#### 5.2. Flow Patterns over Stepped Spillways

#### 5.3. Model Validation of Pressure on Spillway Ftep faces

_{s}values, where L and k

_{s}are the distance from the spillway crest to the outer step edge and characteristic roughness height, respectively. There is a good trend of the data consistency between the two results, but some obvious discrepancies do exist in the pressure values due to the difference in the flow/step condition and data sampling point used in the two studies. Nonetheless, the potentials of pressure prediction by the SPH model on the step faces can be well demonstrated.

#### 5.4. Analysis of Energy Dissipation Efficiency of Spillway with Different Geometries

## 6. Conclusions

## Acknowledgments

## Author Contributions

## Conflicts of Interest

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**Figure 2.**Site photo of laboratory spillway experiment: (

**a**) Global view of facility; (

**b**) Enlarged view of spillway with pressure measurement.

**Figure 4.**SPH particle snapshots of flow over the stepped spillway at different time t: (

**a**) 1.2 s; (

**b**) 2 s; (

**c**) 8 s; (

**d**) 12 s.

**Figure 5.**Comparisons between experimental and parallelSPHysics velocity profiles at x = 8.1 m for the critical flow depth h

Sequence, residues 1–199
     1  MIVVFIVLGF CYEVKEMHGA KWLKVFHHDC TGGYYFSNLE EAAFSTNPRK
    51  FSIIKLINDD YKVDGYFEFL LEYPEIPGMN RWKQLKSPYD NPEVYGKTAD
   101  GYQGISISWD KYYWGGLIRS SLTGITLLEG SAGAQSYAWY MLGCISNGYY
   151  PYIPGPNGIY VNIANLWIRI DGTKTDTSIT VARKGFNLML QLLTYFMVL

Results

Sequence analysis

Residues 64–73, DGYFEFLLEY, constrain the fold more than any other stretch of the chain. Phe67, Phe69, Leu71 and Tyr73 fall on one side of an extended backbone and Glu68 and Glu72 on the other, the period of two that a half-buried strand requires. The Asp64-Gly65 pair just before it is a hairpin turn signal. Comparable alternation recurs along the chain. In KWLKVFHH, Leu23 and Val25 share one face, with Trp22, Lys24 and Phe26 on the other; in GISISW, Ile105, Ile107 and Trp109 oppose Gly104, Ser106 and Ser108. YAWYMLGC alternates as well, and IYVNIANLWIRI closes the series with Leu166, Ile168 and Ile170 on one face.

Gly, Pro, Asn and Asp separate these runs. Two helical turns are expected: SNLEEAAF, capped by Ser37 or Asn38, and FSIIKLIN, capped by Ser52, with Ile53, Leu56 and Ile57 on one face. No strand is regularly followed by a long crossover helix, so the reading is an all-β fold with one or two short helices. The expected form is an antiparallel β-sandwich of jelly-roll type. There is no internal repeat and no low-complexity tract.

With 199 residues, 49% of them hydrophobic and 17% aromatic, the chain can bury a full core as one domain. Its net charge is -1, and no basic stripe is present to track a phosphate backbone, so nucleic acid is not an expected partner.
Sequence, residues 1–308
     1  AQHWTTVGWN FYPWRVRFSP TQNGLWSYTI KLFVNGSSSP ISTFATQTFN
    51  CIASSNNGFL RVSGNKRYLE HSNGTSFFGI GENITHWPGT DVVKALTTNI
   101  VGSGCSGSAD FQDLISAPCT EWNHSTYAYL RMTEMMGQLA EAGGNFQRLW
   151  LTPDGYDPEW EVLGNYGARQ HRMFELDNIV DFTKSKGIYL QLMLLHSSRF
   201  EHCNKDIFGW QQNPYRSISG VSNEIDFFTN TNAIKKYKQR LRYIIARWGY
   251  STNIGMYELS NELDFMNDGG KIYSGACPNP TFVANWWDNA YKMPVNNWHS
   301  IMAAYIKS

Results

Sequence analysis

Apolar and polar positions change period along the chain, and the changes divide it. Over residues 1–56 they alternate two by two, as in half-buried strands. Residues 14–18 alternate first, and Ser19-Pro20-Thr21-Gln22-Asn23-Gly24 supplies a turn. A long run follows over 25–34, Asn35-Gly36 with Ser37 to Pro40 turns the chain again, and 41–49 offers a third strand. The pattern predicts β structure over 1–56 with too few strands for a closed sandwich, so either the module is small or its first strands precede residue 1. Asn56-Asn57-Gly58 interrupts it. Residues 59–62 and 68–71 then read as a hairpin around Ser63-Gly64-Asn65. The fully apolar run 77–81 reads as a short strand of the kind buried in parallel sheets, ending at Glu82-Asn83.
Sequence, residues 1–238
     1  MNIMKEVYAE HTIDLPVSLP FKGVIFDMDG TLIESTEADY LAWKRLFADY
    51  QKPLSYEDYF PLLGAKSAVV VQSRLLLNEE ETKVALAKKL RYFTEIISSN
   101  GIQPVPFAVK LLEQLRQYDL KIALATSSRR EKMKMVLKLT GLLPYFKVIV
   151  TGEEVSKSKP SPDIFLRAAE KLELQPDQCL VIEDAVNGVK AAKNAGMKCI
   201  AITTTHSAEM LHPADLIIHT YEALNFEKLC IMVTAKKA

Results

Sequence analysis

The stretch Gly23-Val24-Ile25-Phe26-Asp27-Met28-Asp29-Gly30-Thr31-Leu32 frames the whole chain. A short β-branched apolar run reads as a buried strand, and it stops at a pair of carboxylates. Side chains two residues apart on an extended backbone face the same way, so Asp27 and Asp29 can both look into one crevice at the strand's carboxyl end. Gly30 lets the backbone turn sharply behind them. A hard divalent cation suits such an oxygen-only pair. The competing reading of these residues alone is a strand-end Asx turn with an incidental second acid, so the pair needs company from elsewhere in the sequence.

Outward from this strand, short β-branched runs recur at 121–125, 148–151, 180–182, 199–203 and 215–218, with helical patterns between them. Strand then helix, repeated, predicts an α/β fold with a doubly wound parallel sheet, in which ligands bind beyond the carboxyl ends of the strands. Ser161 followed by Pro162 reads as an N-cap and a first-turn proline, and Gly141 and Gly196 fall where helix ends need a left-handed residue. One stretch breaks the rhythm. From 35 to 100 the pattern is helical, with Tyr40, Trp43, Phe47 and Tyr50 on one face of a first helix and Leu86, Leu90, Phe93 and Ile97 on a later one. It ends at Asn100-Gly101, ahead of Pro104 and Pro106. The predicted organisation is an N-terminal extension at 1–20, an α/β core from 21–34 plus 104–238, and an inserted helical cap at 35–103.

_{c}: (

**a**) 0.0635 m; (

**b**) 0.0716 m; (

**c**) 0.07935 m.

**Figure 8.**Computed particle snapshots of 62-step spillway flow at different time instants at: (

**a**) t = 2 s; (

**b**) t = 8 s; (

**c**) t = 12 s; (

**d**) t = 15 s.

**Figure 9.**Experimental data gauging points along the spillway for the 31-step case: (

**a**) Velocity point; (

**b**) Pressure point.

**Figure 10.**Pressure distributions on: (

**a**) Horizontal; (

**b**) Vertical step faces, for the 31-step spillway case.

**Figure 11.**Pressure distributions on: (

**a**) Horizontal; (

**b**) Vertical step faces, for the 45-step spillway case.

**Figure 12.**Energy dissipation curves along the downstream direction of spillway for different step numbers: (

**a**) 62-step; (

**b**) 45-step; (

**c**) 31-step.

h_{c} (m) | q_{EXP} (m^{2}/s) | q_{SPH} (m^{2}/s) | Relative Error (%) |
---|---|---|---|

0.07935 | 0.07 | 0.0683 | −2.43 |

0.0716 | 0.06 | 0.0578 | −3.67 |

0.0635 | 0.05 | 0.0523 | +4.60 |

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**MDPI and ACS Style**

Gu, S.; Ren, L.; Wang, X.; Xie, H.; Huang, Y.; Wei, J.; Shao, S. SPHysics Simulation of Experimental Spillway Hydraulics. *Water* **2017**, *9*, 973.
https://doi.org/10.3390/w9120973

**AMA Style**

Gu S, Ren L, Wang X, Xie H, Huang Y, Wei J, Shao S. SPHysics Simulation of Experimental Spillway Hydraulics. *Water*. 2017; 9(12):973.
https://doi.org/10.3390/w9120973

**Chicago/Turabian Style**

Gu, Shenglong, Liqun Ren, Xing Wang, Hongwei Xie, Yuefei Huang, Jiahua Wei, and Songdong Shao. 2017. "SPHysics Simulation of Experimental Spillway Hydraulics" *Water* 9, no. 12: 973.
https://doi.org/10.3390/w9120973